In a few minutes we’ll all stand and recite the Nicene Creed. And don’t we usually think of the creed as a kind of checklist of faith that we either agree to or don’t agree to?
            “We believe in one God the Father, the Almighty…” Check.
            “We believe in one Lord, Jesus Christ, …” Check.
            “We believe in the Holy Spirit, the Lord, the giver of life…” Check.
            And so on down the line.
            Now, there’s nothing particularly wrong with thinking of faith this way – of reciting the creed like it’s a checklist of faith. But, we run into problems when we think this is the only way to understand faith or belief.
            We’ve come this far by faith – we haven’t come this far because we’ve checked off items on a list.
            As many of you know, this fall some of us are reading a book called The Heart of Christianity. And in this book the author looks at other understandings of faith, not just checking off in agreement to a bunch of statements.
            For me, the best and most important definition of faith is loving trust – the kind of loving trust that, if we’re fortunate, we’ve experienced with our parents – the kind of loving trust that, if we’re fortunate, we’ve experienced with a husband or a wife – the kind of loving trust that, if we’re fortunate, we’ve experienced with a really close friend.
            Faith is the loving trust that God the Father shares with Jesus – the kind of loving trust that God always wants to share with us
            And, ultimately, loving trust comes from our hearts much more than from our heads.
            In the book, the author points out that the English word “believe” has its root in the word “belove.”
            It turns out that having faith – believing - is beloving.
            Let’s go back to the creed again.
            Doesn’t it feel different to say “I belove God the Father. I belove Jesus Christ. I belove the Holy Spirit”?
            Faith is loving trust. Faith is a movement of the heart. Believing is beloving.
            Which doesn’t mean it’s any easier than the old faith as checklist.
            The apostles had a hard time with faith as loving trust.
            And we have a hard time with faith as loving  trust.
            But, every once in a while, God sends us an example of someone who really is able to put their trust in God – someone who really is able to belove God.
            And, probably out of the whole history of the Church, Francis of Assisi is the best example of someone trusting God – of beloving God.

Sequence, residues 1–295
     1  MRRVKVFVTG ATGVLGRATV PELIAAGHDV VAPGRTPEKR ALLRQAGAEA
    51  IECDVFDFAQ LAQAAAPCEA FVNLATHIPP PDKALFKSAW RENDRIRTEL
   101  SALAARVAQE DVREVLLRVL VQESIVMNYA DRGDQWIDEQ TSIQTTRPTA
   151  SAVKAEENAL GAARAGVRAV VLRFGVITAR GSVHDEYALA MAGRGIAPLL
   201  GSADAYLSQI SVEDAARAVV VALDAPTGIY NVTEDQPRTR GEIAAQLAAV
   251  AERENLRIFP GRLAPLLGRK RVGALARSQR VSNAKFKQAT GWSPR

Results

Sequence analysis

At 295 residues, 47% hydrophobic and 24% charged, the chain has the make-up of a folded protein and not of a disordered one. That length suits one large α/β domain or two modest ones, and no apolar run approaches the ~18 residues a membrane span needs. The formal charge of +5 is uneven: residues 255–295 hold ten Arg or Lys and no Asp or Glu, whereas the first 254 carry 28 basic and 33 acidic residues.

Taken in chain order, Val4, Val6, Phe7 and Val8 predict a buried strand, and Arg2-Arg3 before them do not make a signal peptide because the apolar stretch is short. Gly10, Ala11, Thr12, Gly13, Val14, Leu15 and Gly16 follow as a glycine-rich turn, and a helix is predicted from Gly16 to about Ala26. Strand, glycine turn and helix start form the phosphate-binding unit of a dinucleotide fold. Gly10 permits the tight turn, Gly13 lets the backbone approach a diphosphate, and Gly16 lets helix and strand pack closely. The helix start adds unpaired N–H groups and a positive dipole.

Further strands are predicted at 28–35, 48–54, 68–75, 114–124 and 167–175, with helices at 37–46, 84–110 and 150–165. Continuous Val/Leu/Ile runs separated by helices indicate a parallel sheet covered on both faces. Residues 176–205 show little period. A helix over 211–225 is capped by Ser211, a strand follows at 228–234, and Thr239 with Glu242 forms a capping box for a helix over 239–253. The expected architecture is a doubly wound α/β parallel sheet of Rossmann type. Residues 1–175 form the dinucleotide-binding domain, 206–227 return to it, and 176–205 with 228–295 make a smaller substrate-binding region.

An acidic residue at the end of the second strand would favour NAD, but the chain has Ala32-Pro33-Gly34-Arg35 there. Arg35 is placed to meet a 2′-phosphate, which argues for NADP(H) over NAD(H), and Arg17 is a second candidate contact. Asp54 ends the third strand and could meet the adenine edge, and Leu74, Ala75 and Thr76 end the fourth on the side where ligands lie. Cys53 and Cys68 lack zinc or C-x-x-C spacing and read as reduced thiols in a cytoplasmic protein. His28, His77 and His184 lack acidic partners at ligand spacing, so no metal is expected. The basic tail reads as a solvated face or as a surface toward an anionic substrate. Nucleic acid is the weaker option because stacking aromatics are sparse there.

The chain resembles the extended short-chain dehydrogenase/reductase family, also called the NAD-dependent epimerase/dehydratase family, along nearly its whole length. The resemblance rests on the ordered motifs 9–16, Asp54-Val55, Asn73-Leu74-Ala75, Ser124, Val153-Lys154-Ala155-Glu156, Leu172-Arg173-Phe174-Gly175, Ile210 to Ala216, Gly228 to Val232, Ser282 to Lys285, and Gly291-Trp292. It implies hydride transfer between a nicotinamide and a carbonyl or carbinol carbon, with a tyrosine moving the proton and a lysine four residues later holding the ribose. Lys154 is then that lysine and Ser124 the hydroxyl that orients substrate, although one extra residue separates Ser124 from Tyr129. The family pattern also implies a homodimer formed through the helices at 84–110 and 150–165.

Unfortunately, we’ve sentimentalized Francis – turning him into this adorable and eccentric character stuck out in the birdbath preaching to the animals.
            But, the truth is that Francis of Assisi was a radical.
            He was a radical who believed that it was possible to really follow in Jesus’ footsteps – who really believed that the Gospel means what it says – who strove to trust absolutely in God – who beloved God, beloved Jesus, beloved God’s people, and beloved all of God’s creation.
            Francis placed his complete trust in God – literally stripping away his family’s wealth – stripping away worldly pleasures – and giving away his life to God.
            Francis’ complete loving trust in God didn’t make for an easy life – just the opposite, really.
            Yet, here we are 800 years later, and just about everybody who was alive in Francis’ day, including the rich and powerful, are dead and forgotten. But, not Francis. He lives with God - and his memory and example and inspiration remains as alive and powerful as ever. Francis’ faith – Francis’ loving trust – Francis’ beloving did far more – are doing far more than uprooting a mulberry tree.
            And now that same power is available to us.
            My prayer is that God will increase our faith – that God will open our hearts just as God opened the heart of St. Francis long ago. Like him, may we also have faith, may we also have loving trust, may we also belove, may also give away our lives for Jesus.
            We’ve come this far by faith.
            But, with God’s help and God’s love, we’re just getting started.
            Believe and belove.